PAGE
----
Prescription medicines for OIC: Methylnaltrexone bromide

Some medicines keep opioids from attaching to the receptors in your digestive system and slowing it down. These medicines are called "opioid antagonists." They "fight" the normal action of the opioids in your intestines without affecting pain control.

A medicine called methylnaltrexone bromide is this type.4

Other medicines that block opioids in the digestive system

Naloxegol and naldemidine are two other medicines that block the effects of opioids on the digestive system. Your physician can talk with you about whether any of these medicines is right for you.

Are there alternative medicines to opioids?

If you develop opioid-induced constipation, changing your pain medicine is one option. This can control pain while relieving constipation. Your physician might prescribe a non-opioid medicine or lower your opioid dose.5

Alternative opioid medicines: Naloxone

Naloxone is a medicine that might help prevent OIC.5 It contains an opioid and a medicine that blocks the usual effects of opioids on your digestive system.7 So it may reduce constipation.

Questions to ask your physician about OIC treatment

Tell your physician if you have constipation when taking opioid medicines. If one way of treating constipation does not work, ask what else you can try. This might include switching to a different pain medicine. Your physician can help you find the best way to control pain and avoid constipation.

References

  1. About constipation. International Foundation for Gastrointestinal Disorders. Available at https://www.aboutconstipation.org/. Accessed December 2019.
  2. Ford AC, Moayyedi P, Lacy BE, et al. American College of Gastroenterology monograph on the management of irritable bowel syndrome and chronic idiopathic constipation. Am J Gastroenterol 2014;109(S1):S2-S26.
  3. Poulsen JL, Brock C, Olesen AE, et al. Evolving paradigms in the treatment of opioid-induced bowel dysfunction. Therap Adv Gastroenterol 2015;8(6):360-372.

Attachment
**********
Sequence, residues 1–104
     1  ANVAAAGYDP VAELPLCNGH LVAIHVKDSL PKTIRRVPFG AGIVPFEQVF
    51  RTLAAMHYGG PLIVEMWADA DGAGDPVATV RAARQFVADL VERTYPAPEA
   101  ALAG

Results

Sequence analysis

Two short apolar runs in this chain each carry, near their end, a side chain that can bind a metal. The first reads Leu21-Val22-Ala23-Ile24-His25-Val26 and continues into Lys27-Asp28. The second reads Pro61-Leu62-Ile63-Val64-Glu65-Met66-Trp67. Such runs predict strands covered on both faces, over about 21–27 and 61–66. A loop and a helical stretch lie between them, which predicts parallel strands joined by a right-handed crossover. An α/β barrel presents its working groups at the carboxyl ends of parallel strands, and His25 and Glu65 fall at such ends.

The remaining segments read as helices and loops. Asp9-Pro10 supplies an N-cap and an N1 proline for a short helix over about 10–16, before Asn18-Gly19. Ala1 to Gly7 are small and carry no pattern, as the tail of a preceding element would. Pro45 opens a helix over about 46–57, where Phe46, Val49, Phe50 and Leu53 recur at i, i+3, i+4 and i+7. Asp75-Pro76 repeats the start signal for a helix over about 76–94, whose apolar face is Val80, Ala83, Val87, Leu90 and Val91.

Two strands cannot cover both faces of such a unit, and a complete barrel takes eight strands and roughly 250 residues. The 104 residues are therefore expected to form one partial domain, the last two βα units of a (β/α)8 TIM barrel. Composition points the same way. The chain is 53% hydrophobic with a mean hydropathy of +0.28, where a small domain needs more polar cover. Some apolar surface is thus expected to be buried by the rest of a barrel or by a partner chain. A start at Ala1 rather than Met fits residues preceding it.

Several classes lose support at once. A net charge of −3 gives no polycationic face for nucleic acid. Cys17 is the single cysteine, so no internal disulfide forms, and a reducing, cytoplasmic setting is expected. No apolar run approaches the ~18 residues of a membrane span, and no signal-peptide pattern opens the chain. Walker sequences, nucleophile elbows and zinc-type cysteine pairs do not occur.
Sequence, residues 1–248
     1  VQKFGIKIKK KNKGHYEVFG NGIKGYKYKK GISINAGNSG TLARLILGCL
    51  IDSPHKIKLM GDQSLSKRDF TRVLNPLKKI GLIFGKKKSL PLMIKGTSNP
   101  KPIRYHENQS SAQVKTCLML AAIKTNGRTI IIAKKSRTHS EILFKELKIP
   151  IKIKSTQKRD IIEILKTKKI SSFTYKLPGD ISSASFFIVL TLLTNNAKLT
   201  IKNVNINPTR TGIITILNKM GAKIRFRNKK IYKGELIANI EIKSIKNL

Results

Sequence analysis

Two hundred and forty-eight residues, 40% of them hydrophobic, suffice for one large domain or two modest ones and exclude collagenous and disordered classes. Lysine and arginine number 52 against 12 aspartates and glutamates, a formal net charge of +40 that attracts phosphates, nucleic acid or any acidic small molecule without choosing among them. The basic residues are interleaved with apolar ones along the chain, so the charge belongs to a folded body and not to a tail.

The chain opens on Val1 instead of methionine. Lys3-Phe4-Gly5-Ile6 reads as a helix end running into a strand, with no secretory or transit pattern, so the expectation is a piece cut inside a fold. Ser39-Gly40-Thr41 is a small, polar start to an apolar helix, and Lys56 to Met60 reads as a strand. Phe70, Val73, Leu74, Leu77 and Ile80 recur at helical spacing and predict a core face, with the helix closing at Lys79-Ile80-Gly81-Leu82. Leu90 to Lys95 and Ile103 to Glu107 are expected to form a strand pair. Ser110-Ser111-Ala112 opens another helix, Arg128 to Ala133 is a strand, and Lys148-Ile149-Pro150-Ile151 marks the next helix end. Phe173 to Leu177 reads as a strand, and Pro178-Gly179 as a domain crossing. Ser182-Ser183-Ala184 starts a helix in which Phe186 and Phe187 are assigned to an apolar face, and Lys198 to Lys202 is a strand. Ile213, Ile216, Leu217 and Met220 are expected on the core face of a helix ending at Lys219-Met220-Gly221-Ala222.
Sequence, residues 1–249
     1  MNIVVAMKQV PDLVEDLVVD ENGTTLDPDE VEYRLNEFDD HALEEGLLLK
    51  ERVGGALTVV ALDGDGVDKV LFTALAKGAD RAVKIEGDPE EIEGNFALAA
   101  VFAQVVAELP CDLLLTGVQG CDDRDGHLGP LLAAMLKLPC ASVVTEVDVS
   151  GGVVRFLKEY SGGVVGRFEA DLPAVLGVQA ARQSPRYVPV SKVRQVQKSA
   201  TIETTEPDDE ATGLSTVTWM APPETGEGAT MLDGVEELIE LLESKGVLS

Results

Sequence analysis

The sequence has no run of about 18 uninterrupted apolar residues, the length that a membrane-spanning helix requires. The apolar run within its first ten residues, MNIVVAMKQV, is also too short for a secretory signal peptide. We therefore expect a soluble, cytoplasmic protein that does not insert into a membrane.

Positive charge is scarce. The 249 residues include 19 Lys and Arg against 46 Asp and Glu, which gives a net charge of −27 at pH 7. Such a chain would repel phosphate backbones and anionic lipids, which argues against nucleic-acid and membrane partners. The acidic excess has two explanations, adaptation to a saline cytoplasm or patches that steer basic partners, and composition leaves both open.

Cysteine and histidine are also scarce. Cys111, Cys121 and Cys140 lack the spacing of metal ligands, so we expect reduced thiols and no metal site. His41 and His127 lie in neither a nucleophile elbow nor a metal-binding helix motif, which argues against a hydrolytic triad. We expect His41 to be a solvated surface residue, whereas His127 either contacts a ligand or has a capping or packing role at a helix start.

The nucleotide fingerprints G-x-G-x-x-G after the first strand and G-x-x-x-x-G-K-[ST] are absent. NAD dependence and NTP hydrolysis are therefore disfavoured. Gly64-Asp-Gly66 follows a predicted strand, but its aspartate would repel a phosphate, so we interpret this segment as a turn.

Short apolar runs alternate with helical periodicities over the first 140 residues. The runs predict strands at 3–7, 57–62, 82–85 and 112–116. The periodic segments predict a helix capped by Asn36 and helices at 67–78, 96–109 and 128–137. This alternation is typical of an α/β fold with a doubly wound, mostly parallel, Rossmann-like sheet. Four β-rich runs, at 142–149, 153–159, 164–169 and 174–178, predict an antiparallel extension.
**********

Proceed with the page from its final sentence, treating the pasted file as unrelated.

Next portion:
4. Crockett SD, Greer KB, Heidelbaugh JJ, et al. American Gastroenterological Association Institute guidelines on the medical management of opioid-induced constipation. Gastroenterology 2019;156:218-226.
  5. Kumar L, Barker C, Emmanuel A. Opioid-induced constipation: Pathophysiology, clinical consequences, and management. Gastroenterol Res Pra 2014;2014:141737.
  6. Drewes AM, Munkholm M, Simrén M, et al. Definition, diagnosis and treatment strategies for opioid-induced bowel dysfunction—Recommendations of the Nordic Working Group. Scand J Pain 2016;11:111-122.
  7. Understanding naloxone. Harm Reduction Coalition. Available at https://harmreduction.org/issues/overdose-prevention/overview/overdose-basics/understanding-naloxone/. Accessed December 2019.
  8. Müller-Lissner S, Bassotti G, Coffin B, et al. Opioid-induced constipation and bowel dysfunction: A clinical guideline. Pain Med 2017;18(10):1837-1863.
  9. Gudin J, Fudin J. Opioid-induced constipation: New and emerging therapies – Update 2016. Practical Pain Management 2016;16(10). Available at https://www.practicalpainmanagement.com/treatments/pharmacological/non-opioids/opioid-induced-constipation-new-emerging-therapies-update?page=0,3. Accessed December 2019.

Slide Show - Managing and Treating Opioid-Induced Constipation

This slide show provides an overview of possible ways to manage and treat opioid-induced constipation (OIC). Your physician will probably ask about your diet and lifestyle and recommend non-prescription laxative medicines. If these do not work, they might prescribe a different pain medicine or a medicine to treat OIC. The animation describes lubiprostone, methylnaltrexone bromide, as well as medicines that block opioids in the digestive system, and alternative medicines to opioids. Tell your physician if you have constipation when taking opioid medicines. Your physician can help you find the best way to control pain and avoid constipation.

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This educational activity has been developed by the International Foundation for Gastrointestinal Disorders and Mechanisms in Medicine Inc.

This activity is supported by independent educational grants from Allergan, Ironwood Pharmaceuticals and Takeda.

This website is part of the Animated Patient™ series developed by Mechanisms in Medicine Inc., to provide highly visual formats of learning for patients to improve their understanding, make informed decisions, and partner with their healthcare professionals for optimal outcomes.